It is a good idea to obtain the assistance of a licensed public adjuster. A public adjuster is a licensed professional adjuster who represents homeowners and business owners — people like you — rather than the insurance company. A public adjuster will handle all aspects of your claim, including assisting with temporary housing, inventorying contents, and providing estimates to repair the damage to the building. Your public adjuster will handle all negotiations with your insurance company and essentially level the playing field. A public adjuster can assist in many ways when you have suffered a loss.
After a disaster, you will be tempted to start repairs right away. However, this could ultimately hurt, rather than help you. Your insurance company will want to come out and inspect the property before repairs begin. After that, you must ensure that you and your insurance company agree on the repairs and the cost of those repairs. If you start repairs before the insurance company inspects the property and approves them, the insurance company may not pay for the repairs or may not pay enough for the repairs. This could leave you paying for those damages out of your pocket. There is always a lot of negotiating large insurance claims. You must be patient and be prepared to wait to start work until you know it will all be covered.
Your insurance company will want to come out and inspect the damages. You should not throw away any items that are damaged, until the insurance company has authorized this in writing. This also includes any receipts that you may have. Receipts can help justify the item existed and give an idea of the quality of that particular item. This holds true for credit card statements and bank statements. These items will help you support your claim and the values of the property. Your policy states that the damage property should be available for inspection at anytime throughout the claim. Should you dispose of your “evidence” prematurely, you risk having these items denied coverage or not paid for.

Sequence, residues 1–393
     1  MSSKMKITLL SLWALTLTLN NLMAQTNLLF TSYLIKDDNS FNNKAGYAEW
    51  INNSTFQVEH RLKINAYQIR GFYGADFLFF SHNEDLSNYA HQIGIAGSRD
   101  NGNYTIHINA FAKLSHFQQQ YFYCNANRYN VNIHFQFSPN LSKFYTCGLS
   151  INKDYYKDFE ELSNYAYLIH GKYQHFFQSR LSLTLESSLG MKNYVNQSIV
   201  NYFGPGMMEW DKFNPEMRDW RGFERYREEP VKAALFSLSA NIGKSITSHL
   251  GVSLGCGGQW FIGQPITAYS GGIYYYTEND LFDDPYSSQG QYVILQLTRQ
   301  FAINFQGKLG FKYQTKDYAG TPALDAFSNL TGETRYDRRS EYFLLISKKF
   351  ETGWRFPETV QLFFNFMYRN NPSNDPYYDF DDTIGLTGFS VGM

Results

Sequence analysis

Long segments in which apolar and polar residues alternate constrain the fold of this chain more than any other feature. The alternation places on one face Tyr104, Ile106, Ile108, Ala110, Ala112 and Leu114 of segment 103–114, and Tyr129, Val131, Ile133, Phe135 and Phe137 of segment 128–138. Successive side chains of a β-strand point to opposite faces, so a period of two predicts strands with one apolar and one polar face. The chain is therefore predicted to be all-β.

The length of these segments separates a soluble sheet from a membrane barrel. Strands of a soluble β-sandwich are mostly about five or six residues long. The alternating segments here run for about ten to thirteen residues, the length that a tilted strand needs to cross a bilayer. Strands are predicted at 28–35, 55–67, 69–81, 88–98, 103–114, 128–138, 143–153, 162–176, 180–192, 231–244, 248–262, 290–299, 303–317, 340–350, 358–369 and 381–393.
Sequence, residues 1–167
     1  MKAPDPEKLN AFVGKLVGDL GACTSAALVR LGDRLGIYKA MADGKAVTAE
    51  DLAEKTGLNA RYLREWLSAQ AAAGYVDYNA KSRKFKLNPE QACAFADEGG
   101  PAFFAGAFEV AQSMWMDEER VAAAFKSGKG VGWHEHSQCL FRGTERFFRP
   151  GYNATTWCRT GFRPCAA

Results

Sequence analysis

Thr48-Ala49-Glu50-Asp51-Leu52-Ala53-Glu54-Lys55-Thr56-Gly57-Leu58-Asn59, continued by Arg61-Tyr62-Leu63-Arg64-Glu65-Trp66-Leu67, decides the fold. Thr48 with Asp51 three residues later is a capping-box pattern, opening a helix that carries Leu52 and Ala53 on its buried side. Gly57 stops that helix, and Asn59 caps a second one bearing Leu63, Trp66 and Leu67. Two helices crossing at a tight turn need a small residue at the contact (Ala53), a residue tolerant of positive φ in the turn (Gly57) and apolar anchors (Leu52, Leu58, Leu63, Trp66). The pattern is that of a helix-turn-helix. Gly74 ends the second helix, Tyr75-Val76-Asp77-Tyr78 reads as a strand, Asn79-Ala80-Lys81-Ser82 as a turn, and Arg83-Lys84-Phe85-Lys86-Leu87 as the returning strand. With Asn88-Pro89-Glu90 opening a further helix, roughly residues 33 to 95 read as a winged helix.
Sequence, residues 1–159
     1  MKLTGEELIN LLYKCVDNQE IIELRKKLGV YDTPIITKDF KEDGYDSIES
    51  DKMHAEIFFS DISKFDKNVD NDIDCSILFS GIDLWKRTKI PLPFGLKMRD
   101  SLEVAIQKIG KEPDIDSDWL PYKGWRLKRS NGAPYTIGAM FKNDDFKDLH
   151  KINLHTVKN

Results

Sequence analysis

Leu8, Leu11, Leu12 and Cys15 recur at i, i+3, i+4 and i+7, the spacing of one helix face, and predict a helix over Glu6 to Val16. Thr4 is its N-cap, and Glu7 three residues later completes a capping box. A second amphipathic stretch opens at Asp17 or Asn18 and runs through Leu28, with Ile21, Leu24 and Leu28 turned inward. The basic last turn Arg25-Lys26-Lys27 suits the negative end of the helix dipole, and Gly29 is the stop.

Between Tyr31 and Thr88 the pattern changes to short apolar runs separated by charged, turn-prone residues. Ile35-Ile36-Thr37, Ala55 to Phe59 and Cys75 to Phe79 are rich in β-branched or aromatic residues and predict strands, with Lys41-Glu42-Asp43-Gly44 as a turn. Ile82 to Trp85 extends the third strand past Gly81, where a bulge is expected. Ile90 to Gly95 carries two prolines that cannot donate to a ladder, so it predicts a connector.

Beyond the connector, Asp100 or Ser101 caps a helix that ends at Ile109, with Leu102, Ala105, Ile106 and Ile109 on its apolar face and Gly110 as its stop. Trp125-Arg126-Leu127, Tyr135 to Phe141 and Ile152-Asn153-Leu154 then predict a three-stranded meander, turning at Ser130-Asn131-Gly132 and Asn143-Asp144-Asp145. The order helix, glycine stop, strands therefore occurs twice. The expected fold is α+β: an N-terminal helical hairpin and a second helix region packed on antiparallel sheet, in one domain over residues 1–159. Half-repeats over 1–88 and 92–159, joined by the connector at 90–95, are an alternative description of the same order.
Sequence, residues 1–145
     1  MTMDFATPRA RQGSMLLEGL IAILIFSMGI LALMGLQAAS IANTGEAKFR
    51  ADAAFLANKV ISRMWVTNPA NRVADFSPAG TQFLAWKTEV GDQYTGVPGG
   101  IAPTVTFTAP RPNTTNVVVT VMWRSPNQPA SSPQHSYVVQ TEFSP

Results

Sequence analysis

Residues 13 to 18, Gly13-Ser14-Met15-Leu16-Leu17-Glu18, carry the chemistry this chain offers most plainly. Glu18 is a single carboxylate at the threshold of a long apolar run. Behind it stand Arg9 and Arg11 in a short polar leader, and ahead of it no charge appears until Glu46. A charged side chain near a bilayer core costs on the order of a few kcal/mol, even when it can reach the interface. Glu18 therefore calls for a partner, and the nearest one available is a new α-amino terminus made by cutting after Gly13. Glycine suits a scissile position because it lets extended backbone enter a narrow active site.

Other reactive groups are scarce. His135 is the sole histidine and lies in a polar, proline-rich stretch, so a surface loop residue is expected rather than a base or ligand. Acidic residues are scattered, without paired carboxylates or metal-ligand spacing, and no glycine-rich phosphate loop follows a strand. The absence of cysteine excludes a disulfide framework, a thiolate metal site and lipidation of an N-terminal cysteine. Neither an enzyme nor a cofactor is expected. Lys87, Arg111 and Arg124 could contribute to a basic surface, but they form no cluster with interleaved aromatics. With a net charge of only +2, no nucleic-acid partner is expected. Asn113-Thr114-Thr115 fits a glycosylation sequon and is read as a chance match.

Many times the insurance company will come out with their contractors and their cleaning vendors and encourage you to use them. However, it is up to you, who handles the repairs and who works on your property, not the insurance company. You decide who you hire and what they do, not the insurance company. Take some time and talk with other people who have had claims. Speak with your local Better Business Bureau or any of the web based companies who track contractors and their history. It is your decision alone, who you hire after you experience a claim.
Your home or business has just suffered a lot of damage from a fire, flood or similar event. You have to make the repairs and move back into the property right? No, this is simply not the case. You do not have to make the repairs or replace the contents that were lost in the event. Your insurance policy is a legal contract between you and your insurance company. The insurance company must pay you for the damages whether you rebuild or not. You can use the settlement to purchase another property in another location rather than make repairs to the old property. Or you may simply cash out your settlement and not replace anything. Remember, when you suffer a loss to your property, you do have options. Make sure you explore them all, and then make the best decision for you and your loved ones.
You hire a contractor to make repairs, and now the insurance company wants to pay them directly. Sounds like a good idea right? Wrong. What happens if the work does not get finished or is not done to your satisfaction? The contractor has now been paid in full and you are left with a house that is not to your liking. This is why you should have all payments issued direct to you only, and then you are responsible for paying the contractor when the job is finished and you are satisfied with the work.
After you have had a claim to your home or business, your world is thrown into a tailspin. You will have many different parties advising you how to proceed, and you must start making some very important decisions right away. At this time, everything you say and do, affects the outcome of your claim.